AIC Shines Its Community Spotlight on Star
Tuesday, March 1, 2016
Posted by: Gay Dawn Oyler
Star is Idaho’s newest city and one of its fastest growing. It lies on the western edge of northern Ada County. The Boise River flows through the southern edge of the city. The northern part of the city rises into the foothills.
Residents have impressive views of the 7,572-foot-high Shafer Butte, Bogus Basin Ski Resort and surrounding Boise National Forest mountains that lie about 20 miles directly northeast.
In 1812 European explorers/trappers came into the Boise River Valley. In 1813 one of these trappers, John Reed, attempted to establish trading posts in the area. He chose a location at the confluence of the Boise and Snake Rivers, 25 miles west of Star near what is now Parma. However, a band of American Indians killed Reed and the other eight men in his party. The wife and two children of one of the men, warned by a friendly Indian, escaped.
In 1834 Hudson’s Bay Company representatives built an adobe fort near the site of Reed’s old cabin. A French trapper, François Payette, who ran the fort for many years, named the river and the fort “Boise,” the French name for “wooded.”
In 1841 the first overland immigration of pioneers to Oregon took place. Within a few years, thousands more followed. The Oregon Trail passed on the south side of the Boise River near what is now U.S. Highway 20-26, about two miles south of Star. Fort Boise was a prominent Oregon Trail landmark until destroyed by the floods of 1856 and 1862.
On August 2, 1862, prospectors discovered large quantities of placer gold in the mountains near what is now Idaho City. In 1863 approximately 16,000 prospectors and miners converged on the area.
On July 4, 1863, the U.S. Army established a military post overlooking the Boise River 15 miles west of what is now Star. The military provided protection to the miners, settlers and Oregon Trail immigrants from hostile Indians. They named their new post “Fort Boise,” thus restoring the old Oregon Trail landmark—except the new fort was about 40 miles east of the original Fort Boise. Three days later, a group of local settlers platted a new town, which they named Boise City, next to the new fort.
The discovery of gold in the Boise Basin played an important role in the development of Star. Thousands of miners in the nearby mountains were paying premium prices for fresh food. Settlers began utilizing the newly enacted Homestead Act (1862), filed their 160-acre homestead claims along the Boise River and began diverting irrigation water from the river onto their farms and ranches.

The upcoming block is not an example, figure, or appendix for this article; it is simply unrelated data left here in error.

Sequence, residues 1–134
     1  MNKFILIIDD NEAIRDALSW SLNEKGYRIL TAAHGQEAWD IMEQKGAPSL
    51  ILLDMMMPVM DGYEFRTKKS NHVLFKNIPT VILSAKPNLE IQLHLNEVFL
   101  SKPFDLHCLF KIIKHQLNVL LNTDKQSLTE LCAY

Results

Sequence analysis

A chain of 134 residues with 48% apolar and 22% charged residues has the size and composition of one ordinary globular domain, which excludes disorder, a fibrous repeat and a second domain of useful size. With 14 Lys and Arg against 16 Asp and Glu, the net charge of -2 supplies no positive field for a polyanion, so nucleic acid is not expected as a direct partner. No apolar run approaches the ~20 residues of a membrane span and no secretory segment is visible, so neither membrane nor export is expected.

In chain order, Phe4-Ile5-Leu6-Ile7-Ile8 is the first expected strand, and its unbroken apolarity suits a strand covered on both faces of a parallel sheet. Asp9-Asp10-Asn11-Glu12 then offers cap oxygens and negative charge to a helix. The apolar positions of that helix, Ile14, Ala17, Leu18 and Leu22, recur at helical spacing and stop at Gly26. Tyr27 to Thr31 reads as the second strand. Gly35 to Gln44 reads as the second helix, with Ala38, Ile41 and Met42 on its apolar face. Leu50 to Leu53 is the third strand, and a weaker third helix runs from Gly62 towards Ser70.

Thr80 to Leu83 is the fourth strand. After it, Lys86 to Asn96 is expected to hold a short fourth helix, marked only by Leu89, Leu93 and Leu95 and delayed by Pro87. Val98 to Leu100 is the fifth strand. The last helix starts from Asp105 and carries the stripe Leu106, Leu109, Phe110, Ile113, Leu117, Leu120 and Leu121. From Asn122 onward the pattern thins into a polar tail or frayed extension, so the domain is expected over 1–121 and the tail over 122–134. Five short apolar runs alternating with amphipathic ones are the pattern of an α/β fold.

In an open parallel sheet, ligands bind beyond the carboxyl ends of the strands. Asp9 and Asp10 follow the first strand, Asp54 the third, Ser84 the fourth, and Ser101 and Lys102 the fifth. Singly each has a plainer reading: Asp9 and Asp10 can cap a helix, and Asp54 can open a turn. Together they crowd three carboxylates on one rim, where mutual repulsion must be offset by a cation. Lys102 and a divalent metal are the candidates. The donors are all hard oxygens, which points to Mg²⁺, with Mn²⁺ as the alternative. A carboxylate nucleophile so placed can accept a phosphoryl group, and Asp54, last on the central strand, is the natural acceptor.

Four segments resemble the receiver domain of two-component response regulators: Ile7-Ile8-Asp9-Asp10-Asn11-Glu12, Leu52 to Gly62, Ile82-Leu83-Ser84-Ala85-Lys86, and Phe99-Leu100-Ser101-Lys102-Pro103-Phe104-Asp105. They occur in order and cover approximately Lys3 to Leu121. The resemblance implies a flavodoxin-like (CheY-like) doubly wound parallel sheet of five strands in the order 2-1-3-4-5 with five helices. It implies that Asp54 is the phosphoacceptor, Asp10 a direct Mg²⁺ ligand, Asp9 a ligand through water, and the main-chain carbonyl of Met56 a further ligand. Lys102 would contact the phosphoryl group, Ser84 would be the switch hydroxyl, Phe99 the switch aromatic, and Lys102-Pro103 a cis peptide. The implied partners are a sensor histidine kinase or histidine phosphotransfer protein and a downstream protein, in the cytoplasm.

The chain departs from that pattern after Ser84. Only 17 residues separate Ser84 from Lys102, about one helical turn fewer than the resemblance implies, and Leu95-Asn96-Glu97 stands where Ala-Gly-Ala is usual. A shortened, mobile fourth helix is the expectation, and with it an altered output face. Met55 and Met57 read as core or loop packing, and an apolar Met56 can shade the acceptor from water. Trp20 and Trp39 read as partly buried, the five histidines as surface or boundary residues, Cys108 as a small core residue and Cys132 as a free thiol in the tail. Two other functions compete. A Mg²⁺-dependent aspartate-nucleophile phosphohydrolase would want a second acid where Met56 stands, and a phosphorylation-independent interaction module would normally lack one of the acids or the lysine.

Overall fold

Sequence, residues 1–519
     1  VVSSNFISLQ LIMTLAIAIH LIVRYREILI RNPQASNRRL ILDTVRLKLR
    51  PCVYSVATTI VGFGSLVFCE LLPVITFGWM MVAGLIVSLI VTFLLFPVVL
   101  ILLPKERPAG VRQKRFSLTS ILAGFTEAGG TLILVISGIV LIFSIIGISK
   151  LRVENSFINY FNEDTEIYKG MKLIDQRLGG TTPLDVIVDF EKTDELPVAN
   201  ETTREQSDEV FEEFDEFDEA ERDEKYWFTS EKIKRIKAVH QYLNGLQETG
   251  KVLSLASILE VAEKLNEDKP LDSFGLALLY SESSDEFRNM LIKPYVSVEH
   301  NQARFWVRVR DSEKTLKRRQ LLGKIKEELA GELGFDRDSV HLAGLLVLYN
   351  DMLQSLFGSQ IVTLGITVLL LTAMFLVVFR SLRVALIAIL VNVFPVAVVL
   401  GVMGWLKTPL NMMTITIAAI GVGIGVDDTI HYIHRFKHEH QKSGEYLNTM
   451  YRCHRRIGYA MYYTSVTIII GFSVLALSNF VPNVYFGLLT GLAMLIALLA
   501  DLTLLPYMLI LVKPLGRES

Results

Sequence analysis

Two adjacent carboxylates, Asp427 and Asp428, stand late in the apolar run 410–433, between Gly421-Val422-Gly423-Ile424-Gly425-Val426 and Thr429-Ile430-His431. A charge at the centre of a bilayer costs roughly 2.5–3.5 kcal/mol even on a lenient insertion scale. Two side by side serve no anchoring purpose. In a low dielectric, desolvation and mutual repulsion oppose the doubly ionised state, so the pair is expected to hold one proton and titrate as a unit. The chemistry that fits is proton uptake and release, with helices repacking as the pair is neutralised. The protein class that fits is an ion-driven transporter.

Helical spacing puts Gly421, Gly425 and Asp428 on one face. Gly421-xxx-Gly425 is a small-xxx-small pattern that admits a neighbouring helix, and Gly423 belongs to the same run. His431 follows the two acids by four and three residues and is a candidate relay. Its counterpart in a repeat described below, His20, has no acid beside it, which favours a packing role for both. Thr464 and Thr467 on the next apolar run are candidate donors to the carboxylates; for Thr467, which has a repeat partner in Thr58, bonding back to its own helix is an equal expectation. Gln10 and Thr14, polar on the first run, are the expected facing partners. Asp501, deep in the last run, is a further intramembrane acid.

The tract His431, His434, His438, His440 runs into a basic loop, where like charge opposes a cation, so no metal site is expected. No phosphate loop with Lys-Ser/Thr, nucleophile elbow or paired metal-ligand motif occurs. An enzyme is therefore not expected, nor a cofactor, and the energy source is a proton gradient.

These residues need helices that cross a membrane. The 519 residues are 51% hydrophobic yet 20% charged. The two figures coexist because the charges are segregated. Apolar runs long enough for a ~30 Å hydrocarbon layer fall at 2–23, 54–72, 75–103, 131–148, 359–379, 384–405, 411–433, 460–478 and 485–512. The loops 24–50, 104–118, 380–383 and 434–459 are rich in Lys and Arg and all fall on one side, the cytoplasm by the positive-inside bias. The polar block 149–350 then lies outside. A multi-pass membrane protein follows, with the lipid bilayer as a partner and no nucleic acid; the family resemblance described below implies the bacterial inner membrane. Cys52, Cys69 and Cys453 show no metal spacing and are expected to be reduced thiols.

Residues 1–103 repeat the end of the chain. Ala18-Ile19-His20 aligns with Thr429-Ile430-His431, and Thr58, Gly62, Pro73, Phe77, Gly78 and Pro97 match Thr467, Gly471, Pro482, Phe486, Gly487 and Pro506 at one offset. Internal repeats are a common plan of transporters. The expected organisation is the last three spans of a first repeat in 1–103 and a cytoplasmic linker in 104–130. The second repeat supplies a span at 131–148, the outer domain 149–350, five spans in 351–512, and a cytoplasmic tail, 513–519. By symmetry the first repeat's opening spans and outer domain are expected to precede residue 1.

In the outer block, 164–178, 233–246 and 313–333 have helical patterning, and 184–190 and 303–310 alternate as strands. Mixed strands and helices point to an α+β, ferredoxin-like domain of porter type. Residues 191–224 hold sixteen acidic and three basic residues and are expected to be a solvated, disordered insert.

The stage line between Boise City and Umatilla, Oregon, passed near the future city of Star. This wagon road provided the transportation link needed to deliver farm production to the miners.
One of the first settlers in the area was M.B. Palmer. Palmer diverted water from the Boise River through an irrigation canal he named Pioneer Ditch. Several additional homesteaders settled between the future communities of Star and Middleton. They joined Palmer in improving Pioneer Ditch and extending it to the Middleton (flour) Mill.
Church groups were among the community’s first public gatherings. In 1864 one of the settlers—a minister, David Fouch—held Church of Christ meetings in his home. In 1881 the congregation built a church that they would later move to Star. The Methodists also built a church.
Education was important to early settlers. In the case of Star, the schoolhouse provided the object that gave the city its name.
During the mid-1870s the settlers built their first schoolhouse just off, and facing, the stagecoach road. In an apparent attempt to underscore academic excellence, one of the settlers sawed a large five-pointed star and nailed it to the school’s front door.
The school with the star door became an important landmark and frame of reference. For example, Western travelers seeking a nearby restaurant and lodging facility were often told that the facility was one mile east of the schoolhouse with a big star on the door. As the community grew into a farmer’s market and trading center, it adopted the name “Star.”
In 1880 postal authorities approved the Star Post office, housed in Shepp Grey’s General Store. At that time, the community had two blacksmith shops, a schoolhouse, two churches and ten homes. The first hotel opened in 1888.
In 1890 the Fouch brothers built a ferry across the Boise River south of town. In 1904 the Star Bridge replaced the ferry.
In 1903 a new brick schoolhouse on River Street replaced the old frame school with the star on the door.
During the early 1900s residents enjoyed a variety of activities. Main Street was a dirt road. They often held horse races down Main Street followed by a baseball game in the park. Some horse races were on-the-spot challenges, making it necessary for pedestrians to be alert.
Other community activities included a debating society that met weekly to discuss issues of the day such as railroads, Sunday laws and women’s rights. In addition, there were literary society meetings, school sporting events and skating at the village rink. Star Trading Days were livestock sales held the third Saturday of each month.
In 1905 Star became an incorporated village. By 1907 Star’s population exceeded 500. The Idaho Daily Statesman reported, “[Star had]…five general merchandise stores; drug store; one hardware; one lumber and coal yard, carrying as complete a stock as is to be found in the state; two blacksmith shops; two first-class hotels; two livery stables; one real estate and land office; newspaper and printing plant; and the Farmers Bank of Star.”